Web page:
Student charged in elaborate digital money theft scheme
A Massachusetts college student who was named his high school's valedictorian for his savvy tech skills hacked into unsuspecting investors' personal cellphones, email and social media accounts to steal at least $2 million in digital currency like Bitcoin, according to documents provided by California prosecutors Wednesday.
Joel Ortiz was taken into custody July 12 at Los Angeles International Airport ahead of a flight to Boston, according to prosecutors. The 20-year-old faces more than two dozen charges including grand theft, identity theft and computer hacking, court documents show. He's held on $1 million bail.
The Santa Clara County, California, public defender's office, which is representing Ortiz, declined comment. A number listed for his home in Boston was disconnected.
The elaborate scheme involved taking over victims' phones, allowing him to reset passwords and access online accounts containing electronic assets in the form of Bitcoin, Coinbase, Bittrex and Binance, the criminal complaint said.
In one case Ortiz allegedly walked into an AT&T store and impersonated a victim in order to get a new SIM card, which gave him control of the victim's phone. He obtained access to the victim's "financial and personal identifying information, tax returns, private passwords" and siphoned $10,000 from a cryptocurrency account, according to police report.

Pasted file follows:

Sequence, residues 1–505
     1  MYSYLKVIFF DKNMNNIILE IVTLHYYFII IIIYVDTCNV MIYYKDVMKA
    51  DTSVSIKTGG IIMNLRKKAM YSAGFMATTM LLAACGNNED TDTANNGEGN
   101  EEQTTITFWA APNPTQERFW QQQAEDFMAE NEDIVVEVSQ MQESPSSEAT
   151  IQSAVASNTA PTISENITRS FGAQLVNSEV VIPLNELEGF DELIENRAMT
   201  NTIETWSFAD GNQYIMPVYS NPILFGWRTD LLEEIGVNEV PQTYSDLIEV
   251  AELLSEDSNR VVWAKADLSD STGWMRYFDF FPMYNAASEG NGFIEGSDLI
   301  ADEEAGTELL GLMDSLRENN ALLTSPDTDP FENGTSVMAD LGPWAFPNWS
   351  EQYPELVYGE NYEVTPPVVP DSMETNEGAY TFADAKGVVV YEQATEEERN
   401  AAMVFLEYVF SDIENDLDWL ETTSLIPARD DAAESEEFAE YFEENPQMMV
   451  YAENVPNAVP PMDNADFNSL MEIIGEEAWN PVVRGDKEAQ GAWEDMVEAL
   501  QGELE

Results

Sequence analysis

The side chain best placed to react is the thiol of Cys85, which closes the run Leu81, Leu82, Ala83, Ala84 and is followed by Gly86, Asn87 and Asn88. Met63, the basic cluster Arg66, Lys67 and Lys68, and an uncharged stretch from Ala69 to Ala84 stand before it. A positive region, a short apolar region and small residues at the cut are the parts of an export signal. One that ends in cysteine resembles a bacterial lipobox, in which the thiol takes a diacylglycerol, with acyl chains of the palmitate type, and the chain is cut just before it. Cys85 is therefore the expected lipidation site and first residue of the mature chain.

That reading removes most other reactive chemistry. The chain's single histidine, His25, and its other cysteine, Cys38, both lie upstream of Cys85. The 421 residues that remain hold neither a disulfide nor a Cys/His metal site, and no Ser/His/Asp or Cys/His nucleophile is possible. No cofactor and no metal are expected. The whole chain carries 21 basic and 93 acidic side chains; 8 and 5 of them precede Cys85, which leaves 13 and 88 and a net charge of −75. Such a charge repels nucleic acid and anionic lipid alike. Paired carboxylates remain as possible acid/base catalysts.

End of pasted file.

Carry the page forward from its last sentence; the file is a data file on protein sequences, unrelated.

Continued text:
In several instances Ortiz allegedly impersonated victims over text messages and convinced friends and family members to "loan" him digital funds, court documents said.
At one point Ortiz allegedly stole $10,000 from a California resident, and then tried to get more, calling the victim's wife and sending a text to the victim's daughter that said "TELL YOUR DAD TO GIVE US BITCOIN," the documents said.
Court documents identify more than 20 victims who live in California, and prosecutors say they know of additional victims outside of the state.
Ortiz enrolled at the University of Massachusetts Boston and studies information technology, said school spokesman DeWayne Lehman.
Ortiz was the 2016 valedictorian of Another Course to College, a small public college preparatory school in Boston, and was honored alongside other top students across the city at a luncheon that year with Democratic Mayor Marty Walsh and other officials at a downtown hotel.
At his school, Ortiz was the lead robot software programmer on its robotics team, taught other students the basics of software coding and "led efforts to teach computer science," according to a Boston Public Schools' press release touting the students' accomplishments.
The school system said Ortiz "loves science and technology," is fluent in Spanish and speaks conversational Chinese.
Boston Public Schools spokesman Daniel O'Brien declined to comment.
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